Cornell University has joined a growing list of universities embracing “antiracist” activism, a euphemism for race-based advocacy.

Antiracism does not mean non-racist. It is a term of art used, most famously, in the book How to Be An Antiracist, which is being used as a teaching tool at universities throughout the country, including Cornell, and forms the ideological framework upon which the university is moving forward.

In “antiracist” lingo, being merely not racist is racist. There are only two alternatives, racist or antiracist, and race-neutrality is deemed racist. Advocating colorblind policies and the treatment of people without regard to race is considered racist in this formula.

Discrimination based on race is at the heart How to Be An Antiracist:

“The only remedy to racist discrimination is antiracist discrimination. The only remedy to past discrimination is present discrimination. The only remedy to present discrimination is future discrimination.”

We covered these events in July 2020, Cornell University takes a major step towards compulsory racial activism for faculty, students, and staff:

Both of these trends — the obsessive focus on race and the requirement of activism — have come together in an announcement by Cornell President Pollack, in an all-campus email this afternoon. The email announced a deepening of race-focused education on campus and proposed mandatory participation by faculty and students [and staff].

You can read President Pollak’s July announcement here. On September 4, 2020, President Pollak reiterated the campus focus on “antiracism” as a top priority, and announced progress on various intitiatives, including faculty, student, and staff requirements (underscoring added):

Faculty-led Initiatives

Under the leadership of Dean of the Faculty Charlie Van Loan and Associate Dean of Faculty Neema Kudva, the Faculty Senate is developing frameworks for three of the announced faculty-led initiatives: the creation of a center that will promote research and teaching in matters that relate to systemic racism, colonialism, bias and inequity, a required educational program for faculty, and a for-credit educational requirement for all Cornell students that covers the same. The Senate has met with students from DoBetterCornell to become better informed about their goals for these programs. Now that the semester has begun, conversations with faculty have started and committees will be formed for each initiative over the next few weeks with significant opportunities for one-on-one interactions among faculty, under the auspices of the Senate.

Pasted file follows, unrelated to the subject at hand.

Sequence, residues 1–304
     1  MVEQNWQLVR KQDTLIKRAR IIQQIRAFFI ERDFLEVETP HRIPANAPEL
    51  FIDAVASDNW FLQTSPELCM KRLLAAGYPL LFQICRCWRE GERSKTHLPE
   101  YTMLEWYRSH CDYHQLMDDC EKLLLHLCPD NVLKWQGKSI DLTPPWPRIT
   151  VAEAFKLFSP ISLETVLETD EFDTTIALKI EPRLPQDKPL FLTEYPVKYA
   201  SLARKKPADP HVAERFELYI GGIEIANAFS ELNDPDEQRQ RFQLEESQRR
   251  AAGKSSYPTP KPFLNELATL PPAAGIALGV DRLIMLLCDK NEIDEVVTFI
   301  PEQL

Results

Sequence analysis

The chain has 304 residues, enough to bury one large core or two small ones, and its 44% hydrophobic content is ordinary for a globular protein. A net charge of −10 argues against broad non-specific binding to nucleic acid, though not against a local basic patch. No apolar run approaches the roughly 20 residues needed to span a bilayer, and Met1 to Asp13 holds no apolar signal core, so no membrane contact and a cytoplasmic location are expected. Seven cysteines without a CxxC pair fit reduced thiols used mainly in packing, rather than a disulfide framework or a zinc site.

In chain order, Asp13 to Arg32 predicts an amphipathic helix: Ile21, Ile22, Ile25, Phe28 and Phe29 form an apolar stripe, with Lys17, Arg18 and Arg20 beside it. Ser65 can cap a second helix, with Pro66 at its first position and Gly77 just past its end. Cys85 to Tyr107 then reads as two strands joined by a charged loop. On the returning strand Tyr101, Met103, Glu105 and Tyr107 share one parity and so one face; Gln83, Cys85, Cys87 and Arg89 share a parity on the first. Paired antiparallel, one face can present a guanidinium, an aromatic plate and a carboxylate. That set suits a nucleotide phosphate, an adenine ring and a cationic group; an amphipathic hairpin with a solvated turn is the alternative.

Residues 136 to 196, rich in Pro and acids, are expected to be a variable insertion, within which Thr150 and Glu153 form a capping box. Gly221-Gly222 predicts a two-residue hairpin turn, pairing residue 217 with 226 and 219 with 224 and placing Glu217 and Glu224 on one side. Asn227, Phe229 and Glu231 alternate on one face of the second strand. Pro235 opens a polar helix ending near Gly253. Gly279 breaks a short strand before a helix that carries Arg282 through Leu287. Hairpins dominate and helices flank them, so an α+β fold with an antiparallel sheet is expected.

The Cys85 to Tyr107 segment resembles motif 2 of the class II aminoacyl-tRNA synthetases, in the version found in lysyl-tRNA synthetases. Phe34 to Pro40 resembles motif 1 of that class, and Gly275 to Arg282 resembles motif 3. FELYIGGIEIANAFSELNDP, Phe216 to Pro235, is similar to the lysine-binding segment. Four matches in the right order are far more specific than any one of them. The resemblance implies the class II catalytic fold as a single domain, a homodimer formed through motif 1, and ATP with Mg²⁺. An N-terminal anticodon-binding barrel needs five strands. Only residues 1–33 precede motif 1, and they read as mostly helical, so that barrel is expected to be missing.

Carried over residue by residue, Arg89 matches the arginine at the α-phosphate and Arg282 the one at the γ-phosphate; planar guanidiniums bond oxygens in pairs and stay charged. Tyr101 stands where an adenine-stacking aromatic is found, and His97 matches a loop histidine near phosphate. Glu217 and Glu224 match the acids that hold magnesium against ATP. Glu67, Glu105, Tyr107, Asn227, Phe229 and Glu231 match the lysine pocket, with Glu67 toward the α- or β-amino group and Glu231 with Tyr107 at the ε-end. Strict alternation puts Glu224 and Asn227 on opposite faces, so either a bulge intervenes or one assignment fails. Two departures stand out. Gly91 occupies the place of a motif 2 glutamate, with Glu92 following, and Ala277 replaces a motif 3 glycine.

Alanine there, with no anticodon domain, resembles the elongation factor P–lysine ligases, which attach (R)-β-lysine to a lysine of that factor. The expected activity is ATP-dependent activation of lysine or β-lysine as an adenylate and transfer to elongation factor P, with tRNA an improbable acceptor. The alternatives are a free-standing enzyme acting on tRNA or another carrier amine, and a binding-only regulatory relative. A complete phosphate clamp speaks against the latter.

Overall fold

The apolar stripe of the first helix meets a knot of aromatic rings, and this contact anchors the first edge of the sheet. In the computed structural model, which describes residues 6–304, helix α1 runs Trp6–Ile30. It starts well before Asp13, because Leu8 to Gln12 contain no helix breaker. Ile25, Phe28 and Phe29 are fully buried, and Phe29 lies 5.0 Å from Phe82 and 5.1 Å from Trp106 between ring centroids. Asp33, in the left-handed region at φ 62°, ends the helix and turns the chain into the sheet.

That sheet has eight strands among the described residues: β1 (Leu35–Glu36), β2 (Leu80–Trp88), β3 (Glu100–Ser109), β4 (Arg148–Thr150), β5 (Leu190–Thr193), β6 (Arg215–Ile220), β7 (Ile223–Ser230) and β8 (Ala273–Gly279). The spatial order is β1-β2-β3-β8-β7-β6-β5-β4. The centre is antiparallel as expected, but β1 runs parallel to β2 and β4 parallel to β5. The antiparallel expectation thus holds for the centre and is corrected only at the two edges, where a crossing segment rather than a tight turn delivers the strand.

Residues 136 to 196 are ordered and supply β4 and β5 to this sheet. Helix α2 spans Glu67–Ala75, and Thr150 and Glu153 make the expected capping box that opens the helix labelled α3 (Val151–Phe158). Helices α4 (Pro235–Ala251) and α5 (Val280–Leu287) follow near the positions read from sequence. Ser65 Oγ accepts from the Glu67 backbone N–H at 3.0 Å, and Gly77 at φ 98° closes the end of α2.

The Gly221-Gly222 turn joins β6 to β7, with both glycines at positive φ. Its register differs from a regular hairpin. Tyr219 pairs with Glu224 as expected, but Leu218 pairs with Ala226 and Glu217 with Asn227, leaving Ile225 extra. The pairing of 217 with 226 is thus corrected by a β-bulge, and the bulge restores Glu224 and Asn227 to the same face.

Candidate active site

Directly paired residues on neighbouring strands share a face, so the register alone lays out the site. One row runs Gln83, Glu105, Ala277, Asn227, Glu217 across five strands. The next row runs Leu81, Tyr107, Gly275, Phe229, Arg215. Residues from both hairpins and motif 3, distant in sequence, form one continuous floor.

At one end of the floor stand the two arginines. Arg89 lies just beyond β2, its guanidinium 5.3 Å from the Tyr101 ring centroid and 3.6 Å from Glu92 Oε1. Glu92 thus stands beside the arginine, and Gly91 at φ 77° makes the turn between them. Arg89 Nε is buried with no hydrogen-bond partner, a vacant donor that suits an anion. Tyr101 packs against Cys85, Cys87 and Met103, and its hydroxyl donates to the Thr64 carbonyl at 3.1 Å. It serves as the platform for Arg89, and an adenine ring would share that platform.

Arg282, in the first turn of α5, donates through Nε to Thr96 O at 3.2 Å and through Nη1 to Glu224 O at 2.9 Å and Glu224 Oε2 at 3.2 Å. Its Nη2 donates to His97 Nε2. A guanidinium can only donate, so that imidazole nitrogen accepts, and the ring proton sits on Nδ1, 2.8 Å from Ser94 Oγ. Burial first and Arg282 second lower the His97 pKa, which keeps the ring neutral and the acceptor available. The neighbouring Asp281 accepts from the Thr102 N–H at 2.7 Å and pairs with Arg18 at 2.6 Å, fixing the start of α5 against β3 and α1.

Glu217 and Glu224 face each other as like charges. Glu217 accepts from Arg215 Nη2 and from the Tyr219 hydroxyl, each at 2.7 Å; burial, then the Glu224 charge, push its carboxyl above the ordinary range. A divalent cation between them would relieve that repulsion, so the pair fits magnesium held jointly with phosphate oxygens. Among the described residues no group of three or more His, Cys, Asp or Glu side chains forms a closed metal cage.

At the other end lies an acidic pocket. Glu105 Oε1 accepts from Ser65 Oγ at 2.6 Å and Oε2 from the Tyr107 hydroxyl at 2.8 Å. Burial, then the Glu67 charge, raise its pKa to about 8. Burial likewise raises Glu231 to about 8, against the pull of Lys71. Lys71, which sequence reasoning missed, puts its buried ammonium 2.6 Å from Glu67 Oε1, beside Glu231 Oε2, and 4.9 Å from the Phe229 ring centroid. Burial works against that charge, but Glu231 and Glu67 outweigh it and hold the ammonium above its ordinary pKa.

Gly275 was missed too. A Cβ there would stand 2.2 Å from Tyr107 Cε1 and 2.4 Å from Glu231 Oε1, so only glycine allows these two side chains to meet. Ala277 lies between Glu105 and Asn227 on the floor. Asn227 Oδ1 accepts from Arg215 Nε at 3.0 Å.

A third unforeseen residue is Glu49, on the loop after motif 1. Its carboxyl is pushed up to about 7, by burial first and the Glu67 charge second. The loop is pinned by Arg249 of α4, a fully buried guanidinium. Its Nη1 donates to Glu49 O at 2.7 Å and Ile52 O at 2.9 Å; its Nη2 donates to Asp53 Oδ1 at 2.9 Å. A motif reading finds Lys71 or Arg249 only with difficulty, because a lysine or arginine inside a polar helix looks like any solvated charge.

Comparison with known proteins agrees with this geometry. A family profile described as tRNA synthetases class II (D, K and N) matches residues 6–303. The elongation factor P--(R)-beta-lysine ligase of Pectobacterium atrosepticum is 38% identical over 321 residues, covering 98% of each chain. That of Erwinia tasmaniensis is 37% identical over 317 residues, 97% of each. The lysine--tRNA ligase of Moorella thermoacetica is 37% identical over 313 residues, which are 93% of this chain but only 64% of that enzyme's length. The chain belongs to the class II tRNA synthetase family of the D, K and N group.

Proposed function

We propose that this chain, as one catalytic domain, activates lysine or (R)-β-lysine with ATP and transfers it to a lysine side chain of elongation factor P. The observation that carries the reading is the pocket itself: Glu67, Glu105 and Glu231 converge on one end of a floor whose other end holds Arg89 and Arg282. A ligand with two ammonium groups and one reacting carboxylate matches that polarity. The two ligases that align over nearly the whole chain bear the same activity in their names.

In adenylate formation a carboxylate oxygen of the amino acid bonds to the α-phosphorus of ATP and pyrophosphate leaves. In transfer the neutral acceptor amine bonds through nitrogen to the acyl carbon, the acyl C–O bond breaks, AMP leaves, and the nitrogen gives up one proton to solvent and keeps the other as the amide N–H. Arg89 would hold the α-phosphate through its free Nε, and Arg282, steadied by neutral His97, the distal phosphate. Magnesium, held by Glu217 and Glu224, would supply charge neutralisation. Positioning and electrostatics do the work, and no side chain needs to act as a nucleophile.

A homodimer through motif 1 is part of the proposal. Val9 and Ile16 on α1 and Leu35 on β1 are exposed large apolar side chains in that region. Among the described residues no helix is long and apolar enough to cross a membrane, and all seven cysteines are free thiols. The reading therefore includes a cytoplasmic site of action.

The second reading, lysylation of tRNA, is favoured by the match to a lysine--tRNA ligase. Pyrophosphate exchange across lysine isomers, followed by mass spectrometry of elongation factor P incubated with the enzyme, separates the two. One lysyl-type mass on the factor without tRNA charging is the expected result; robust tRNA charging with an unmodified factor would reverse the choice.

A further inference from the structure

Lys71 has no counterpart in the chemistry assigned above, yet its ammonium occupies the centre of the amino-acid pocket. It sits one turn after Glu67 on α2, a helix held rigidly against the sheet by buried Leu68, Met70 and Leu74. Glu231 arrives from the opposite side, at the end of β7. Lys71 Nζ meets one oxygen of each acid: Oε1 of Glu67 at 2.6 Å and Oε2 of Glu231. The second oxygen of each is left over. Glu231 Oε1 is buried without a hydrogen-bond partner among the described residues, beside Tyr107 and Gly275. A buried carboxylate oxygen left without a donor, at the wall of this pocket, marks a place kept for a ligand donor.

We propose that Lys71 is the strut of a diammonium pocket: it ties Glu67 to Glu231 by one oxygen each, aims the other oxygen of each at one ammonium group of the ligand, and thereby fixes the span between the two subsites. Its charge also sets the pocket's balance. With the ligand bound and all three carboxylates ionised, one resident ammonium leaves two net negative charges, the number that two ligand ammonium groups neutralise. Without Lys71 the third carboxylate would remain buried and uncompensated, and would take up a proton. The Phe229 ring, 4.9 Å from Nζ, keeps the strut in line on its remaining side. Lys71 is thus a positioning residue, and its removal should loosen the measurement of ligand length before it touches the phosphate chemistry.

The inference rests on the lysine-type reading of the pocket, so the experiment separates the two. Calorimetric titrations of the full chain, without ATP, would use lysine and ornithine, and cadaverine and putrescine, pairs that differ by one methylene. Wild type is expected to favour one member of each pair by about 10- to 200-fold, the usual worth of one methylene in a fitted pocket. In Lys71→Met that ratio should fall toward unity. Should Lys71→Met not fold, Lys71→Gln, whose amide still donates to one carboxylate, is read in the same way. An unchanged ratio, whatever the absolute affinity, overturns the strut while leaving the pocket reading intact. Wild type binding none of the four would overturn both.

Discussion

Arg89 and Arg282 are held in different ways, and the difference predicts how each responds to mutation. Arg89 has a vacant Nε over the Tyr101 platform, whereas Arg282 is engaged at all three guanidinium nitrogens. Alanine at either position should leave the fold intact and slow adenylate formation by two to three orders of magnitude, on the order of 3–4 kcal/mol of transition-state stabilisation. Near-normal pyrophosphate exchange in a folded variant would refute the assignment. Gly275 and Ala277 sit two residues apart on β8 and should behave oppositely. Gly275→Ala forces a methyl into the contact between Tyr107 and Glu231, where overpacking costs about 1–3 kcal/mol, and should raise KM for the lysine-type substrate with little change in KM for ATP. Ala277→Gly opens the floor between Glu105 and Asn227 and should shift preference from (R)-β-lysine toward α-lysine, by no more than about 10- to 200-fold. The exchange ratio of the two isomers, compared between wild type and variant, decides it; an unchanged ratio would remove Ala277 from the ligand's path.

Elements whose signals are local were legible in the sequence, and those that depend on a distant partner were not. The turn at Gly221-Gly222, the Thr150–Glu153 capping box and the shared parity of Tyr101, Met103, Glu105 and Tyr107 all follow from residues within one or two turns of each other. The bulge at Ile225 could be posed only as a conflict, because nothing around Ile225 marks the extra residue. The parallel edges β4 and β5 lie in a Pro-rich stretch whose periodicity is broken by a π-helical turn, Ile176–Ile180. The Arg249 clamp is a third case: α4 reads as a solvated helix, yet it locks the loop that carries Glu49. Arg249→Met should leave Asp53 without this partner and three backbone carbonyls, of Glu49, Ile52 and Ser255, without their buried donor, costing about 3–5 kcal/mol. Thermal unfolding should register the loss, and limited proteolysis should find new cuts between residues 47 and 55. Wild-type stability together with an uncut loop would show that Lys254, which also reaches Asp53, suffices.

Staff Initiatives

A required training course for Cornell staff on equity and cultural competency will be available this month. The course, “Advancing Diversity, Equity and Inclusion at Cornell,” will consist of six modules, each with a required online component and voluntary community chats to deepen engagement with the material. The first module will be available mid-month through CULearn. Subsequent modules will be released monthly, and all required components must be completed by every staff member by September 2021. Furthermore, in response to a forum for staff of color on issues of concern to the BIPOC staff community hosted by the Men of Color and Women of Color Colleague Network Groups, three subcommittees were formed to focus on high-priority issues of work-life and wellness needs, the employment life cycle and elevating the voices and successes of staff of color. The subcommittees will be meeting regularly, with the first meeting this month.

These requirements for faculty and students also are making their way through the University Faculty Senate, though the results have not been finalized and voted upon yet.

In a significant move, a “Faculty Coalition” has just published a list of race-based demands that would implement race-based requirements in almost all aspects of the university hiring, promotion, and curriculum, and the elimination of race-neutral policies. The list of Demands was published on September 7, 2020, at Medium, published by a group called the Cornell Faculty Coalition.